The Nationwide are prepared to lender BTL investors up to the age of 105, and The Halifax will lend to residential borrowers up to the age of 85 years.

Young people now fully expect to have a mortgage during their working lives and into retirement and so the mortgage market had to react to this and dispense with their ageist policies of refusing to lend after 65 years of age.

What is the best choice - Mortgage (mortgage extension) or Equity Release?

Equity Release, as we have already said is undoubtedly more expensive but it prevents repossession of the property. The ER borrower remains in the property until death or removal to a Care Home.

There is also the 'no negative equity guarantee'; i.e. that a borrower cannot owe more than the value of the property.

The huge increase in negative equity is used by borrowers to: assist family to get onto the property market; pay for grandchildren’s university education; meet the cost of home adaptations so that the borrowers can remain in their homes or to pay off existing debts There also remains the issues of potential beneficiaries, many of whom are shocked to learn after probate that their parents have obtained Equity Release against the family home, often the main asset. It's best to ensure that all potential beneficiaries are made aware, in writing, of your ER intentions before you go ahead.

If on the other hand you have an income in retirement it would be cheaper to mortgage or extend a mortgage but there always remains the threat of repossession should you default.

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So Just How are Buy to Let Investors reacting to the Increase in Stamp Duty?

buy to let signMost assume that the increase, together with the reduction in tax relief, will be passed to the Landlord’s tenants.

Some investors are setting up corporate structures in which mortgage interest could still be set off against tax; we would advise consulting a specialist tax accountant if you are thinking of doing this.

Allsop, the auctioneers, are reporting that they witnessed the largest turnout to date at one of their more recent property auctions, though they noted that the bids on property  were lower than the past.

Overall, the increase in stamp duty does not appear to have deterred BTL investors.

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More Responsibilities for Buy-to-Let Landlords

The buy-to-let sector is facing a number of new obstacles this year.

Right to Rent 

As from 1 February 2016, a new additional ‘right to rent’ burden has been placed upon landlords; it will now be a legal obligation for landlords to ensure that a tenant (or lodger) has the right to live in the country before they grant the tenancy or licence to reside.

This means in real terms that landlords will have to check and copy all identity documents, e.g. passports, biometric residents’ permits, identity cards, and/or certificates of Naturalisation or British Citizenship. They must insist on seeing and copying original documentation, keeping it safe, and logging the date on which the checks were made. If a potential tenant does not have those documents, then the landlord must contact the Home Office using a particular online reporting facility, and must wait for up to two working days to know whether s/he can let the property to these potential tenants.

It should also be part of any agreement between the landlord and their managing agents that the agent is fully responsible for fully completing the ‘right to rent’ checks, and that they should be fully liable for any breach of the obligations and will pay any penalty due as a result of any breach.

Of course, it will be impossible for any lay individual to detect whether any of the documents shown are fake or not; at best, they can check dates and that the photographs resemble the potential tenant in front of them – they are not police officers after all! It is vital that the landlord or their agent uses their best endeavours.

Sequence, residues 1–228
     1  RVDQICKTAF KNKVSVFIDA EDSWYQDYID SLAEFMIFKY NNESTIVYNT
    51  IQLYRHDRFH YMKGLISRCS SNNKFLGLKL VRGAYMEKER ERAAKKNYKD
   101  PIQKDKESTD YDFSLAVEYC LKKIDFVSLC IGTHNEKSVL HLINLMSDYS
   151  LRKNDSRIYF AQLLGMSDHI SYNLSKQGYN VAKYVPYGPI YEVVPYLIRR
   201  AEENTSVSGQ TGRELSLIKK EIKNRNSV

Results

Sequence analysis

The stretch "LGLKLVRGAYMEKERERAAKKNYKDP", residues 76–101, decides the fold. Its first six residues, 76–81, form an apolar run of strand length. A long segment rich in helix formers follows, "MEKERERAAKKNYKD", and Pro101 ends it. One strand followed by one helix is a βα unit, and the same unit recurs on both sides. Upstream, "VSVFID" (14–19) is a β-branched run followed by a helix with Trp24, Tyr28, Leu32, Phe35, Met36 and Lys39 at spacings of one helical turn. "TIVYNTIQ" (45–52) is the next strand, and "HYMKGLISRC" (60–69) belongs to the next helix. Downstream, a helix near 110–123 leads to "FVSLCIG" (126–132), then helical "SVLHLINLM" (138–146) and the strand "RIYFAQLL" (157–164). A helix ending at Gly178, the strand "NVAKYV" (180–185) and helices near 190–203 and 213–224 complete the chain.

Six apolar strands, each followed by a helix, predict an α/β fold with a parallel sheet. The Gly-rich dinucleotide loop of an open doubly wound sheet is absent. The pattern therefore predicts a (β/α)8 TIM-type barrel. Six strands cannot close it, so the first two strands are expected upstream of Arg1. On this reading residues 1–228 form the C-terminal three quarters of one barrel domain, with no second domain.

There are, of course, penalties to be paid if the landlord or managing agent is found to be in breach of this duty; currently a maximum fine of £3,000, however, the impending Immigration Bill 2015/16 promises the threat of custodial sentences for landlords who fail to meet their obligations. Additionally, the bill will bring accelerated eviction systems, which will ensure that the illegal tenants will be evicted from the premises quickly.

New obligations re heating and energy 

Later this year, 31 December 2016 to be exact, landlords with more than one tenant and a communal heating system must do the following:

  1. All heating bills must be based on consumption of energy;
  2. Landlords must notify the National Measurement and Regulation Office (NMRO);
  3. They must install meters and temperature controls (except where the landlord can show that it is neither cost effective nor technically feasible);
  4. If that exemption can be proved that the landlord must install heat cost allocators, thermostats, radiator valves, and hot water meters, unless s/he can prove that another exemption under the relevant regulations applies.

It is advised that the landlord should insert a clause within the lease or rental agreement for the recovery of the costs of the billing and the installation of the equipment in the Services Charges.

Smoke Alarms

Since 1 October 2015, landlords in the private rental sector are obliged to:

  1. Place one smoke alarm on each floor of the rented premises;
  2. Fit a carbon monoxide alarm in any room with a solid fuel burning combustion appliance;
  3. The alarms must be in proper working order on the first day of a new tenancy. After this, it becomes the tenants’ responsibility to ensure that the alarms are tested regularly so that they are always in working order.

These obligations do not apply to HMOs (houses in multiple occupation), social housing, or live-in-landlord situations.


Breach of any of the above could result in a maximum fine of £5,000.

Contact Lewis Nedas Expert Buy-to-Let Property Lawyers

If you are a buy-to-let investor or landlord and need advice on any of the above, our property lawyers are able to assist. Call us on 0207 387 2032 or complete our online enquiry form here.